Remember, red wine is not necessarily more sophisticated than white, and not necessarily the only choice with meat. In fact, because whites are generally lighter in weight than reds, they lend themselves more easily to a wider range of foods. While there are any number of great sipping wines, light- to medium-bodied wines that are high in acidity and sugar and low in alcohol tend to be the most flexible and complimentary to our lighter, more dynamic diets. Food-friendly whites include Riesling, Pinot Gris, Sauvignon Blanc; the best choices among the reds are Cabernet Franc, Barbera, Gamay, Pinot Noir.
Regional wine qualities tend to reflect the specifics of regional cuisines. So picking a region to tour often means choosing what kind of food you want to eat for ten days straight.
Here are some top wine picks in Europe:
Northern Italy: Piemonte and the Veneto are greatly influenced by the rich subtelty of their butter-worshipping French and Swiss neighbors. Whites: From Piemonte, Pinot Bianco, Soave, Pinot Grigio with shellfish and fish; the sparkling Prosecco from the Veneto. Reds: Franciacorta Rosso (Cabernet Franc, Barbera, and Merlot) with meat; Amarone (Molinara, Rodinella and Corvina), Barbera, and young Nebbiolo with lamb and game.
Central Italy: Trendy cuisine from Tuscany and Chianti favors lighter pastas, vegetables and seafood. Whites: Verdicchio, Orvieto (Trebbiano and Garbanega), Vernaccia di San Gimignano. Reds: Sangiovese, Morellino, Rosso di Montalcino, Chiantis, Vino Nobile di Montepulciano, Brunello di Montalcino. For tricky-to-pair cured hams and cheeses, fruitier reds are a good choice: Valpolicella (Corvina, Molinara, Rodinella), Barbera, Dolcetto, Ruffina.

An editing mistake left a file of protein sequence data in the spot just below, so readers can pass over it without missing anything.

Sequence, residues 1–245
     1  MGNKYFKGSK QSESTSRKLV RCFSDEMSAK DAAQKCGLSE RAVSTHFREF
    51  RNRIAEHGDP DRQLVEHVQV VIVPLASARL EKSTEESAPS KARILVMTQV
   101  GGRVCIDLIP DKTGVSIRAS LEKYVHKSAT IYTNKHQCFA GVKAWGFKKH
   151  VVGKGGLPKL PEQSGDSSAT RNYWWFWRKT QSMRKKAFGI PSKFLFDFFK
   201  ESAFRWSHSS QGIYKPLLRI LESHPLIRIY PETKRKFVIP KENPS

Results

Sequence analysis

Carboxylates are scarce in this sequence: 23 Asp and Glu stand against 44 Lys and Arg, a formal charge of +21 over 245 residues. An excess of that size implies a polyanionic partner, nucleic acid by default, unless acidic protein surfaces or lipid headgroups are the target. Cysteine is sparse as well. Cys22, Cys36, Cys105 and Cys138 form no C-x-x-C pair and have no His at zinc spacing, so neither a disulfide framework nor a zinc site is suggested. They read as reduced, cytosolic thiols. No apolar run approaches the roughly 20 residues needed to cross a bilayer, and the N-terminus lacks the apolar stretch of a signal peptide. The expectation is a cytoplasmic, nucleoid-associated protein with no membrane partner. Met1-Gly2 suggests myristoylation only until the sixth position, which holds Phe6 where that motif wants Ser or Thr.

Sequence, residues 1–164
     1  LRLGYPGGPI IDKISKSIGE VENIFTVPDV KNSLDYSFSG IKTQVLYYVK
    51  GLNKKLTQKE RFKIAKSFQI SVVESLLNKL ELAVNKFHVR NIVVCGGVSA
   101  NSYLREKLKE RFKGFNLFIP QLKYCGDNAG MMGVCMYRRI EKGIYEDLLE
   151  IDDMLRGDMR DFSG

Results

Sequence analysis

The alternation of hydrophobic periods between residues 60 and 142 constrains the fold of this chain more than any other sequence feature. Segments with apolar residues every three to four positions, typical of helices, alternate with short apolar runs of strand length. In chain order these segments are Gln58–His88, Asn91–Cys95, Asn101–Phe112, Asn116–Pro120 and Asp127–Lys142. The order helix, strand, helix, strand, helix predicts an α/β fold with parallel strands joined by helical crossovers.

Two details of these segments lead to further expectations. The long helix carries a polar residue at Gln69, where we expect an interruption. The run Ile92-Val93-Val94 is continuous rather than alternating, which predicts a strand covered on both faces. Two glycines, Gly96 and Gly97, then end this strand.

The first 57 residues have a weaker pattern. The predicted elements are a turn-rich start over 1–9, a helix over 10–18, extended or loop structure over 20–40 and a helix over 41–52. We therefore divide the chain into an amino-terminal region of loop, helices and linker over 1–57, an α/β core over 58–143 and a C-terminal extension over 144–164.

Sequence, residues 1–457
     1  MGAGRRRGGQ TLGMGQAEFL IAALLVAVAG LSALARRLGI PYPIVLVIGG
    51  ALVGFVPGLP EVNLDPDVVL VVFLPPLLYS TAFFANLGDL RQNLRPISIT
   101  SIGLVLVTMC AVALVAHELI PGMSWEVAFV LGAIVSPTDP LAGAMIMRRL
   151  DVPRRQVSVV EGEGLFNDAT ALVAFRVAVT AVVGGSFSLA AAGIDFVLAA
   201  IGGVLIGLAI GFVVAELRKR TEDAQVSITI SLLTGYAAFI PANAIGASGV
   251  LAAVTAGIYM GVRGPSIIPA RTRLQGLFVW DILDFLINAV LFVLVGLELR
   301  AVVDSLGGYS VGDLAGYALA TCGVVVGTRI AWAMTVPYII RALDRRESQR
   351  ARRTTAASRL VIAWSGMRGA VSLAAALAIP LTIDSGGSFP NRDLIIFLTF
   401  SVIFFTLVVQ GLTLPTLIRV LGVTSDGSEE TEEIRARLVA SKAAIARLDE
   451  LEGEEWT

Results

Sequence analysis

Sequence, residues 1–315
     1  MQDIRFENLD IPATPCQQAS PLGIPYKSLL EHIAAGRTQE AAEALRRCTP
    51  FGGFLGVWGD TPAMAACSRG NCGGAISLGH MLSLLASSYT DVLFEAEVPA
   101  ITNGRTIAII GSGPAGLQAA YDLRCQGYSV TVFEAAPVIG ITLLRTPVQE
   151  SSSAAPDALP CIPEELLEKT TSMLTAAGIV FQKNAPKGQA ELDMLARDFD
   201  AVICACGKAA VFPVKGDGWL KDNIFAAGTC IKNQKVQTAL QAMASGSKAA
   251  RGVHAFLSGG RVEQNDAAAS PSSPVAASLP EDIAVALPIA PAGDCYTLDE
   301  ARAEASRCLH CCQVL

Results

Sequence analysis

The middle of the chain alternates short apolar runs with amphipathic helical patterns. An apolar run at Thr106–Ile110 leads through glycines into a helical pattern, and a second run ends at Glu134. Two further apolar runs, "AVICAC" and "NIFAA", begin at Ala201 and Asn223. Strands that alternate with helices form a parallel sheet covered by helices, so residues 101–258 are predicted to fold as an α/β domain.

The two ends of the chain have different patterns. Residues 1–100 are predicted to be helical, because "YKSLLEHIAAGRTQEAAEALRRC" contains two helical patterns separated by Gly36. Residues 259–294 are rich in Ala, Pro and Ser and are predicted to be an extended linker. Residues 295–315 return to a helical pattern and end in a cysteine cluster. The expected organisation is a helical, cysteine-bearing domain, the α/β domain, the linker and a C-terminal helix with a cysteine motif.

Sicily and the South: Campagna and Sardegna—land of hard sheep’s milk cheese, salty fish, tomatoes and plenty of garlic—favor sweeter, prunier wines like Greco and Fiano from Campagna and Vermentino from Sardegna.
Northern and Central France: Delicate butter and cream sauces paired with exquisite veal stock reductions and tarragon call for great big wines that have high acidity. For fish or vegetables in light cream sauces, escargot, and oysters: Loire Chenins (Vouvray and Montlouis), Loire Sauvignons (Sancerre and Pouilly-Fumé), and Champagne. For veal, pork, and white meat birds: Loire Cabernet Francs (Saumur, Chinon, Bourgueil) and the Gamay wines of Beaujolais. For red meat and game: Bordeaux and red Burgundies.
Provence and Southwestern France: Like Southern Italy, salty fish, tomato sauces, peppers, olive oil, and herbs go well with the regions many rosés and Ugni Blanc from Cascogne. With light meats and heavy seafood, Viognier, Roussanne, Marsanne, Côtes-du-Rhône Blanc, Condrieu, and Hermitage Blanc. Heavy goose liver pâté and duck can take heavy black wines like Cahors (Malbec), Madiran (Tannat), Bandol (Mourvèdre), and Syrah-Grenache (blends from Châteauneauf du Pape, Gigondas, Côtes de Roussillon, CÔtes de Lubéron, Corbieres, St. Chinian, and Minervois) and northern Rhône Syrahs like Cornas, Côte-Rôtie, and Hermitage.
Alsace: For the cuisine of this region, which is heavily influenced by its potato-, goose-, and sauerkraut-eating German neighbors, heavy aromatic whites are in order: Alsace Pinot Blanc, Tokay-Pinot Gris and the flowery and fruity Gewürztraminer.
Germany: Wines that are high in acid provide a necessary counterbalance to the fatty, bland, carb-and-meat-centric northern European diet. The Mosel Rieslings are citrusy, whereas Rhine River wines tend to smell vaguely of peaches. Nahe River wines are a combination of the two. Rheinhessen wines tend to have smoky undertones to their fruity flavour. Wines from the Rheingau region are dry. The increasingly popular Rheinpfaltz (or just “Pfaltz”) style is both full and fruity and includes Gewürztraminer, Scheurebe, Spatburgunder (Pinot Noir), and Chardonnay.